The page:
We are just about to enter the period that I have been warning....very subtlly, but warning  nonetheless.  Nobody knows what a "dollar" will be worth?  Will a loaf of bread be $0.50 or $5000.00.  At this point it is simply a matter how smart you think you are.

Is gold the solution?  Who the heck knows....try taking a bag of gold up to the cash register of your local grocer and see how the checkout person reacts.  Wealth and dollars are evaporating much faster than the government is printing them......and those that are being printed are staying with the banks for the most part.

Even Obama's most recent proposals doesn't even come close to making up for the extent of the evaporation of will this play out.....NOBODY KNOWS......but get ready for some  very exciting times.....very exciting times.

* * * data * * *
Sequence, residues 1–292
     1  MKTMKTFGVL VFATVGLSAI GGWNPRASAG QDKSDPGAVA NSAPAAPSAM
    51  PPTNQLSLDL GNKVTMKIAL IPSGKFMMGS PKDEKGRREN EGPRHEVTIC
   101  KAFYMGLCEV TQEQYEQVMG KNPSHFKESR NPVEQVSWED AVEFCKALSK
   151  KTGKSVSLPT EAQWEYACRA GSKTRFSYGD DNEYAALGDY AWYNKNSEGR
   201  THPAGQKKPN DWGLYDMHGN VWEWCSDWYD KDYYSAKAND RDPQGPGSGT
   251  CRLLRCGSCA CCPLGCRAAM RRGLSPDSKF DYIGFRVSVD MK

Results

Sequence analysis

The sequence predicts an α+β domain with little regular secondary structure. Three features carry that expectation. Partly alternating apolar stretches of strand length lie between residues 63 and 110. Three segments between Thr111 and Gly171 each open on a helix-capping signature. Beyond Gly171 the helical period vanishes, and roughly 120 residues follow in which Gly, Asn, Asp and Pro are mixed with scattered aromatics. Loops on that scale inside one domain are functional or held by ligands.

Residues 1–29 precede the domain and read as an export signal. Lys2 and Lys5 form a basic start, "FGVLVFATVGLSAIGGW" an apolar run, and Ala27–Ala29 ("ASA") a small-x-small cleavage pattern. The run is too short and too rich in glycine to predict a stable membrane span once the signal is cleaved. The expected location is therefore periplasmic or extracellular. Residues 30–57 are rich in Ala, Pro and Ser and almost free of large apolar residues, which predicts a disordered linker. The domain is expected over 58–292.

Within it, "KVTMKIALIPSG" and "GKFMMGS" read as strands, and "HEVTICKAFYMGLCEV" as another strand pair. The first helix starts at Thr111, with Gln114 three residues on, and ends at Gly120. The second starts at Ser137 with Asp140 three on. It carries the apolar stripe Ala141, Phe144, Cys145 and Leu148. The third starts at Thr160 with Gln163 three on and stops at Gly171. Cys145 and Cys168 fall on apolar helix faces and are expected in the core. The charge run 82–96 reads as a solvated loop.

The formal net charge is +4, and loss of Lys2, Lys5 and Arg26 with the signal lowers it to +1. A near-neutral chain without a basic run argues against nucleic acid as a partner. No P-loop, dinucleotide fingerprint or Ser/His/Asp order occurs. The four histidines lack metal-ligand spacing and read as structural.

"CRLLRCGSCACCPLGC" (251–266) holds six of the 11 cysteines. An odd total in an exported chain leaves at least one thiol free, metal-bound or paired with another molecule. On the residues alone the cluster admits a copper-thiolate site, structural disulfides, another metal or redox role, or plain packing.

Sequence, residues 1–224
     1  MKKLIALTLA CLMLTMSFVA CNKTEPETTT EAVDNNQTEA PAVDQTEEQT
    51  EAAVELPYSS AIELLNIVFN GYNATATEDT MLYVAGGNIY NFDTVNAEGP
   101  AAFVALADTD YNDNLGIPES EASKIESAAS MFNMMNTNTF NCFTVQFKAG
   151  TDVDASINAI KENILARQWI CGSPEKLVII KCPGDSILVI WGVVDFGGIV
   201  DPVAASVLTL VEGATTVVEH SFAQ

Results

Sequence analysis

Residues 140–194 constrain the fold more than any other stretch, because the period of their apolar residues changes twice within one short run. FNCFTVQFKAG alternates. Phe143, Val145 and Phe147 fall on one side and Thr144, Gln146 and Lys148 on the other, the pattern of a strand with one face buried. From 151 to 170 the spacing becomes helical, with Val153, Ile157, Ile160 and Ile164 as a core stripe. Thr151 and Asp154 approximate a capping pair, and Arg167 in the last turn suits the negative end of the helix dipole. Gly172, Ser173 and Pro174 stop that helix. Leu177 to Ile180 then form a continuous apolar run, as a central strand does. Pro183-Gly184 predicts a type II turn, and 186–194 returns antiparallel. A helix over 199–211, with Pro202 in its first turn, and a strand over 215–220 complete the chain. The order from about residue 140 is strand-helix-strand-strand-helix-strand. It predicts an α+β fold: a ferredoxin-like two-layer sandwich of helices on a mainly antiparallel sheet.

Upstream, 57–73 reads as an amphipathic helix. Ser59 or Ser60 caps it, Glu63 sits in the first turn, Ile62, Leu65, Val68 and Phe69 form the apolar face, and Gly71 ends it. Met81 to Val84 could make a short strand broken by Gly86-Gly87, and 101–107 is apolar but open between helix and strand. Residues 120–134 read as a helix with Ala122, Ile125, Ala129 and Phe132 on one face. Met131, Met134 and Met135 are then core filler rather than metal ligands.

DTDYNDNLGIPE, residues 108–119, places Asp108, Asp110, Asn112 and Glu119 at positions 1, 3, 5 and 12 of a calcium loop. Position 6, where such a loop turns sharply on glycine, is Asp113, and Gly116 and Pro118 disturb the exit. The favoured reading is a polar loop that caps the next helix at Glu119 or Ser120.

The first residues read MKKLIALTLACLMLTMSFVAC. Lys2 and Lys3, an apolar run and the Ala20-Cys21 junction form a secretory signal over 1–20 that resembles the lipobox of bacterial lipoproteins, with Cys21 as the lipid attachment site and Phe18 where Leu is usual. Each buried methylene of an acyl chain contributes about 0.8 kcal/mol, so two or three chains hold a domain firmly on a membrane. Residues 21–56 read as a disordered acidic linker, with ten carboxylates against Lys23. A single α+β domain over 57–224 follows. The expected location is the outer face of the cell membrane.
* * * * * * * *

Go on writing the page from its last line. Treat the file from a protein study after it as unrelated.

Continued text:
14 Comments – Post Your Own

#1) On December 07, 2008 at 12:12 PM, kdakota630 (28.98) wrote:

We are just about to enter the period that I have been warning....very subtlly...

Alstry, you are many things, but subtle is not one of them.  BTW, I loved your opening to the blog.  Very good analogy.

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#2) On December 07, 2008 at 12:16 PM, semper77 (< 20) wrote:

I agree with kdakata630, your introduction here was one of the best analogies/truest statements I've read in the CAPS forums. Well said!

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#3) On December 07, 2008 at 12:56 PM, kceRick (< 20) wrote: